The vast majority of accidental deaths in the United States are motor vehicle accidents. The way people act around bees (1 in 71,107 chance of dying), stray dogs (1 in 122,216) and lightning (1 in 126,158) is the way they should act around cars (1 in 108). Yes, you’d be wise to flail your arms and screech like a small girl next time you’re on the freeway, because you’re in much more danger there than when a bee lands on your macaroni salad at the neighbor’s barbecue. The number of auto deaths has been declining, a trend that some experts attribute to safer vehicles as well as people driving less due to the high cost of gas and DUI lawyers.
More common than you might think, cerebrovascular diseases such as strokes are the cause of 1 in 19 American deaths. Patients who get to an emergency room within three hours of first experiencing symptoms tend to be healthier three months after a stroke than those who did not. (Sudden numbness on one side is the major symptom.) Sadly, strokes tend to be racist jerks as African-Americans are twice as likely as whites to experience them.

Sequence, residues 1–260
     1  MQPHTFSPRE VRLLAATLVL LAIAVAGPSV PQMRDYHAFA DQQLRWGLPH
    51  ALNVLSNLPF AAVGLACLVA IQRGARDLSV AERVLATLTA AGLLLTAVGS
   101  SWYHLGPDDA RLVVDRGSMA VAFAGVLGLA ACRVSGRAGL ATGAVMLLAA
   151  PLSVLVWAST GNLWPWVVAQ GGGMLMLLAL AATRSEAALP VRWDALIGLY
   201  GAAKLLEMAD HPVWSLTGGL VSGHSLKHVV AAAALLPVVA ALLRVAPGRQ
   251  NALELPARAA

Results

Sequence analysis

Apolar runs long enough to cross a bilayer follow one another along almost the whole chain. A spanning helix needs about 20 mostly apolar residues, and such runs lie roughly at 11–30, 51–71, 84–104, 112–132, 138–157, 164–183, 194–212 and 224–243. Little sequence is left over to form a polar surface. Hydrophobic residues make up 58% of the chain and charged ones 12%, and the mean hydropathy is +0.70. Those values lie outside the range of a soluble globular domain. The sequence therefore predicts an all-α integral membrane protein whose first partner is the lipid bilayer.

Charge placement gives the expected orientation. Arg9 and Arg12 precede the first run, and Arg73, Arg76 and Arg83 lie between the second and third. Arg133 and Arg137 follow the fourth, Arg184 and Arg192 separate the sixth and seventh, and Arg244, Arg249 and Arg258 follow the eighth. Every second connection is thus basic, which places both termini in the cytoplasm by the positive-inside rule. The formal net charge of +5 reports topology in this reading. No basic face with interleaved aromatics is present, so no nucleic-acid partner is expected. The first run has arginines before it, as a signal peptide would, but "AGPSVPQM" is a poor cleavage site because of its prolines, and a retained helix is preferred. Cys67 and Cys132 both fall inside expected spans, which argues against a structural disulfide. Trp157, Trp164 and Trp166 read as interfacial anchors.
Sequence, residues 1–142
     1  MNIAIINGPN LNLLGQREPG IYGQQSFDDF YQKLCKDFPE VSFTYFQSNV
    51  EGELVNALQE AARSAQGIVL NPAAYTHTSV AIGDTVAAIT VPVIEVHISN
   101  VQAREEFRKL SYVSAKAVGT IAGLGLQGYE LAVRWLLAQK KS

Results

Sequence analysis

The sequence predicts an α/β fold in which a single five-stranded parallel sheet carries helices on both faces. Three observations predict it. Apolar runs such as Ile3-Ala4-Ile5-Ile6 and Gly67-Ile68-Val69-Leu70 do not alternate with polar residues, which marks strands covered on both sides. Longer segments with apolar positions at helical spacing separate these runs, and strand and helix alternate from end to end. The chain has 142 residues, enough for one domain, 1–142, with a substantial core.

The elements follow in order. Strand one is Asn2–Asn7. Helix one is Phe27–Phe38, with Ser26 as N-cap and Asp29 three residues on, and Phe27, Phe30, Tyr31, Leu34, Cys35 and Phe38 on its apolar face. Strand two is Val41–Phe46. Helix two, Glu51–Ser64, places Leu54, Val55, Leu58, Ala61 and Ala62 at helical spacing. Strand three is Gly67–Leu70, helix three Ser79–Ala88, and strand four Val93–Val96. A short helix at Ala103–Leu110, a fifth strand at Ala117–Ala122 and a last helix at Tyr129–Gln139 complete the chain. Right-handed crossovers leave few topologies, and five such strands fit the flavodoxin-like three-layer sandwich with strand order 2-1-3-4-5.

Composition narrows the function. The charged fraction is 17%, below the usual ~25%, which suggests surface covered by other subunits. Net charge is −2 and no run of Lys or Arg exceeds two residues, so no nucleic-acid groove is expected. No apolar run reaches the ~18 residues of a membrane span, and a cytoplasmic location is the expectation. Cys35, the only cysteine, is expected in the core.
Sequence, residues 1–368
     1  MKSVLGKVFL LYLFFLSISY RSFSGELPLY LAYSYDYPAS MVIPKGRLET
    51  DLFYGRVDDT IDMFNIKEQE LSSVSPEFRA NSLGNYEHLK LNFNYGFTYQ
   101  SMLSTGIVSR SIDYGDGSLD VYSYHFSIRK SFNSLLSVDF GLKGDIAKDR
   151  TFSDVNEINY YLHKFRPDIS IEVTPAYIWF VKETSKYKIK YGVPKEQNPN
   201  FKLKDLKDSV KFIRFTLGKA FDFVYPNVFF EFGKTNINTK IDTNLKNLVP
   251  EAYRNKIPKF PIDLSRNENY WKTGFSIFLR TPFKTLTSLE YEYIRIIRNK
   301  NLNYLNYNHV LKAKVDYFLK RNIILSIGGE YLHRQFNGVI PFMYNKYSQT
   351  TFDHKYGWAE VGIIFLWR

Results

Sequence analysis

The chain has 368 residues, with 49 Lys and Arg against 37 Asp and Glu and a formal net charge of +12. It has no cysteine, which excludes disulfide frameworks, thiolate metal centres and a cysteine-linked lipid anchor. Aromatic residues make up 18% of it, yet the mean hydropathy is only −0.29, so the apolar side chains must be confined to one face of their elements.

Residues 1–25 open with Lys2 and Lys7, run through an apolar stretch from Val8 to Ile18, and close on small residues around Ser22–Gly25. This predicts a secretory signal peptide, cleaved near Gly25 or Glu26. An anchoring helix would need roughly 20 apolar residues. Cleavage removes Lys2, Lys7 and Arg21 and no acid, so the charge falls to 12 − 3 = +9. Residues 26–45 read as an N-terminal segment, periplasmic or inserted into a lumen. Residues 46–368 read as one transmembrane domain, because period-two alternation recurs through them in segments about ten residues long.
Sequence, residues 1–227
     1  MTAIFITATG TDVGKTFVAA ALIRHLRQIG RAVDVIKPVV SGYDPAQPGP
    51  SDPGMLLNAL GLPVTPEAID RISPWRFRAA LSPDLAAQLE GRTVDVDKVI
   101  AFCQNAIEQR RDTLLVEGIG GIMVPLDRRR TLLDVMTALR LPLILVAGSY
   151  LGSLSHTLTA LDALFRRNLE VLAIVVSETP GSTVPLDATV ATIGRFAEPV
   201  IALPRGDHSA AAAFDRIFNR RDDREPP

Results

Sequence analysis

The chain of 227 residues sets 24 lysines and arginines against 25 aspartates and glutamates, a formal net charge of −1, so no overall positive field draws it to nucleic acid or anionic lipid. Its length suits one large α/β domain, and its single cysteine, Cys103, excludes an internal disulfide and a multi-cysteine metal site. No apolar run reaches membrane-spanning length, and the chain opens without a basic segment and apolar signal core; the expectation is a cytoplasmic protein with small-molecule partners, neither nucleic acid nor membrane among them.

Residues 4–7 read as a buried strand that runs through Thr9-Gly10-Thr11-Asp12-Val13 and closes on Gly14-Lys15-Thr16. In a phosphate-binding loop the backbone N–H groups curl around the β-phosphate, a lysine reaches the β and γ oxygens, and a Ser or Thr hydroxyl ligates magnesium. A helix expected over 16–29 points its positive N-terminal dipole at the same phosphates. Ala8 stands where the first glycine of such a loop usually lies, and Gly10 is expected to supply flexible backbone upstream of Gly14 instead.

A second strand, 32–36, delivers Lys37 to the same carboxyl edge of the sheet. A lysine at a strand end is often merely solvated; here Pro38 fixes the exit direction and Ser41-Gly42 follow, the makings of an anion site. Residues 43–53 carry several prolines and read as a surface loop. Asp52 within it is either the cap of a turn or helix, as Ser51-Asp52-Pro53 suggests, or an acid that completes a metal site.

3 Chronic Lower Respiratory Disease
These include chronic bronchitis and emphysema, which are diseases that make breathing difficult. Your body can survive without a lot of things (the Doritos Locos Taco comes to mind), but oxygen is not one of them.
The four most common forms of cancer are lung, colon, breast and prostate, each of which is awful. But there is good news—cancer mortality rates have been falling. For women, breast cancer has accounted for 34 percent of the drop. It’s believed that advances in cancer screening have saved more than one million lives since the early 1990s. For men, lung cancer has accounted for 40 percent of the drop. Some men have finally figured out that setting fire to dried leaves and inhaling them into your lungs isn’t compatible with long-term health.
1 Heart Disease
The most common cause of death is when the body part responsible for keeping you alive stops keeping you alive. Heart disease is an umbrella term that covers heart attacks, angina, coronary artery disease, arrhythmias, heart infections and heart defects. Fun fact: someone in the United States has a heart attack every 34 seconds, which, if you’re a sports fan, is less time than it takes the Jacksonville Jaguars to huddle, hike the ball and throw a pass directly to the opposing middle linebacker.
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